The DAO of (Risk) Capital

Thousands of strangers recently came together to bid on an original copy of the U.S. Constitution at Sotheby’s.

I was one of them.

If you’re into crypto / web3, then you know what’s up.

If you’re not, then you may have come across a story about it in The Wall Street Journal or The New York Times … but maybe you’re thinking: scam!

In brief, a group of people formed a decentralized autonomous organization — a DAO — to crowdfund a bid for the Constitution (and deal with all the legal and financial rigmarole).

ConstitutionDAO’s target was $20M.

It raised more than $40M.

In ~ 96 hours.

Alas, ConstitutionDAO lost the auction … to Ken Griffin of Citadel … which is comical for a variety of reasons.

Griffin bought it for $42.3M. It’s the most expensive historical document ever purchased.

Despite the outcome, participating in this experiment has been awesome.

I mean look at these comments:

Once you see the power of a networked community first-hand, you can’t unsee it.
 
It’s like The Blue Marble photo from Apollo 17 — it changes your perception of the world.

* * *

I don’t mean to be hyperbolic, but web3 has the potential to change everything.

It’s definitely going to change capital formation and entrepreneurial finance.

DAOs can help close the financing gap for businesses all around the world. While it may be a stretch to say that DAOs will disrupt the VC / PE fund model altogether, consider the following

  • Fundraising — Preqin data show that fund managers are taking 11 months to reach a final close in Asia, 25 months in LatAm, and 50 months (!) in Africa (YTD 2021).

    This is just a horrifically inefficient market, with untold sums of wasted time and expenses, and countless volumes of CO2 emissions belched in the atmosphere as people crisscross continents collecting capital commitments.

    ConstitutionDAO raised over $40M in four days, seamlessly aggregating commitments from ~17,500 wallets. The median contribution was .0525 ETH (~ $225), with the top-quartile breakpoint at .1776 🇺🇸 ETH (~ $750).

    Rather than approaching hidebound institutions and gatekeepers, a DAO can directly target true fans / believers — regardless of their ticket size. And the magic is that rather than a handful of people marketing a fund, the community supercharges the fundraise.
     
  • Sourcing — Instead of paying overheads and expenses for a centralized investment team to scour for deals, members of the DAO could originate, diligence, and vote on potential investments. 

    At first glance, this may sound like a recipe for disaster. 

    But I suspect a DAO would uncover more projects — especially in underserved markets (whether by demography, geography, scale, or vertical) — than traditional funds. And the elimination of fee drag would make more of those deals viable.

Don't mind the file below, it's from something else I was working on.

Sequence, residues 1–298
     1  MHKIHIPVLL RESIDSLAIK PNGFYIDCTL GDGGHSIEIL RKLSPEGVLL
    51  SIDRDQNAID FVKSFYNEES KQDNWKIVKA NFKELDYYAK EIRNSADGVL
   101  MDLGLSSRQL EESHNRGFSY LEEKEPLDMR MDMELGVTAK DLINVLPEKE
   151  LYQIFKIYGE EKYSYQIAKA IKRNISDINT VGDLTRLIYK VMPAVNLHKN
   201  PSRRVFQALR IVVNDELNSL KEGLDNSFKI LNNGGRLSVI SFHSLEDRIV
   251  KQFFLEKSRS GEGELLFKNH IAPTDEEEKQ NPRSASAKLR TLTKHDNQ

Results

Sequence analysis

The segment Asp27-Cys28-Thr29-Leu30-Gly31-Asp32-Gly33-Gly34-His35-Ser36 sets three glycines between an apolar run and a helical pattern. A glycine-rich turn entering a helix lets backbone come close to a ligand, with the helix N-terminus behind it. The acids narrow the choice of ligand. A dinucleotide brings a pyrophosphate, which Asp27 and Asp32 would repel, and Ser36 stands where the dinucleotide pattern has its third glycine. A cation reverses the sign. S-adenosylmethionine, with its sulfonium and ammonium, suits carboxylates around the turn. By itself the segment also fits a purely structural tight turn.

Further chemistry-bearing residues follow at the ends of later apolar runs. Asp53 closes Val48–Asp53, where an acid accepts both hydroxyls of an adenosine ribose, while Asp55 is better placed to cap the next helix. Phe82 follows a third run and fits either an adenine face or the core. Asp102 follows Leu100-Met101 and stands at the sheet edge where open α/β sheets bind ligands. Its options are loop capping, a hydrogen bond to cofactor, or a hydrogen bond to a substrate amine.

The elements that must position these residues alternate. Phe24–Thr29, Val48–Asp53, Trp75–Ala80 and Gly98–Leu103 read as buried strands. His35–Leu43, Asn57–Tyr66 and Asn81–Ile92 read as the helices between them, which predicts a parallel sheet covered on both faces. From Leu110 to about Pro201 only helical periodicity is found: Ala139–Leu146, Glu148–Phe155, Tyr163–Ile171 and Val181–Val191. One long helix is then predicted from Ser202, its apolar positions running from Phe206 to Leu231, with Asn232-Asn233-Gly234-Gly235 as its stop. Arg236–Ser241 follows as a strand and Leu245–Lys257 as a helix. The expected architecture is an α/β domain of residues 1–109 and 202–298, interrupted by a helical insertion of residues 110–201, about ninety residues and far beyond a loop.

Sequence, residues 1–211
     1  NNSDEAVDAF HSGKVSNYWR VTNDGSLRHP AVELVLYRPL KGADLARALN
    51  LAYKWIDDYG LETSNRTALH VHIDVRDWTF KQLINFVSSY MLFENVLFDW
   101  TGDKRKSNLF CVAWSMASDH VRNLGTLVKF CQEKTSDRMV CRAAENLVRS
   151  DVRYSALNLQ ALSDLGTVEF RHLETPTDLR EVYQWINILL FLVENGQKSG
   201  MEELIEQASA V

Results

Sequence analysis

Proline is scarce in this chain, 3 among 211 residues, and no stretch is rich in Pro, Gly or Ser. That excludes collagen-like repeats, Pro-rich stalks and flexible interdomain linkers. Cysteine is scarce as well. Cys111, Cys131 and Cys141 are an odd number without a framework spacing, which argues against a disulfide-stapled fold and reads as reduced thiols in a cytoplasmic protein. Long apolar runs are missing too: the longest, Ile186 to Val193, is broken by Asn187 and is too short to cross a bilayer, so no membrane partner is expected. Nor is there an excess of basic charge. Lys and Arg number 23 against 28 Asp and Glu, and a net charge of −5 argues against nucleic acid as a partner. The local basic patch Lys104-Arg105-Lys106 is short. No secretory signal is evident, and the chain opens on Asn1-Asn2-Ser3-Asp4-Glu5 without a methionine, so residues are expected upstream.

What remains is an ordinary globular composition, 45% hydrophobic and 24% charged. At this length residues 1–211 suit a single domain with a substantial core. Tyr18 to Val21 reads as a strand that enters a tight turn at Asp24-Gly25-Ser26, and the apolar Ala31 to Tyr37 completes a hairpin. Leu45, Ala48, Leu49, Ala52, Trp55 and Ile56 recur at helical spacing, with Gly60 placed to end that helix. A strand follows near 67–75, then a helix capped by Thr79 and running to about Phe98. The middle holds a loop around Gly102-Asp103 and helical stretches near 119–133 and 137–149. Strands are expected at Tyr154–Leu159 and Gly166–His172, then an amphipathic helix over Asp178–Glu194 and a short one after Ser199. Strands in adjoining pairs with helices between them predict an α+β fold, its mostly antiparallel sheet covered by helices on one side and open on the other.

• Alignment — The tokenization of securities enables participants and stakeholders in a deal to attain tighter alignment. It can alleviate the principal-agent problem, spread ownership within the investee company, and even facilitate the participation of external stakeholders.

    Tokenization also could enhance alignment on value creation, particularly on revenue generation. 

    In addition, token holders could receive a variety of pecuniary (i.e., airdropped dividend payments) and non-pecuniary benefits (e.g., exclusive content, limited release products, etc.).
     
  • Transparency — Blockchains provide greater transparency and auditability than user-generated Excel spreadsheets. Cash flows are visible on-chain in near-real time.

    For instance, you can see the entire history of ConstitutionDAO’s contributions here, and can click through to each wallet’s transaction history. 
     
  • Exits — Investors don’t have to wait for a liquidity event. A DAO’s tokens could be liquid on day one, and investors could swap their holdings on a decentralized exchange for any number of cryptocurrencies, including stablecoins tied to the U.S. dollar.

* * *

Look, of course there are numerous issues raised in the bullets above, and loads more that weren’t even alluded to.

Developing an ethical, effective, compliant, and secure protocol is hard.

For example, even though I was excited to participate in the ConstitutionDAO experiment — and am amazed at what the team accomplished in so brief a period — I had a few hesitations.

One was participants’ reading comprehension: people seemed to think they were going to own a fraction of the Constitution (i.e., a security token) when the homepage of the DAO clearly stated otherwise.

Another pertained to governance. In return for contributions to the DAO, participants received $PEOPLE governance tokens that granted the right to vote on proposals, etc. These were allocated on a pro rata basis (i.e., a donation of 1 ETH granted you 1 million $PEOPLE). So, the biggest contributors had more votes. 

Not great … but also … as the Constitution recognized … direct democracy isn’t great either. I don’t have a firm view on an optimal solution, but I’m allergic to concentrated power in any form.

Yet another was the “gas” — the fees incurred to transact on the Ethereum blockchain. They’re too high, and they’re making ETH unusable.

Jumping from the specific case to the general, there’s a gigantic airgap where cyberspace / web3 interfaces with meatspace / reality.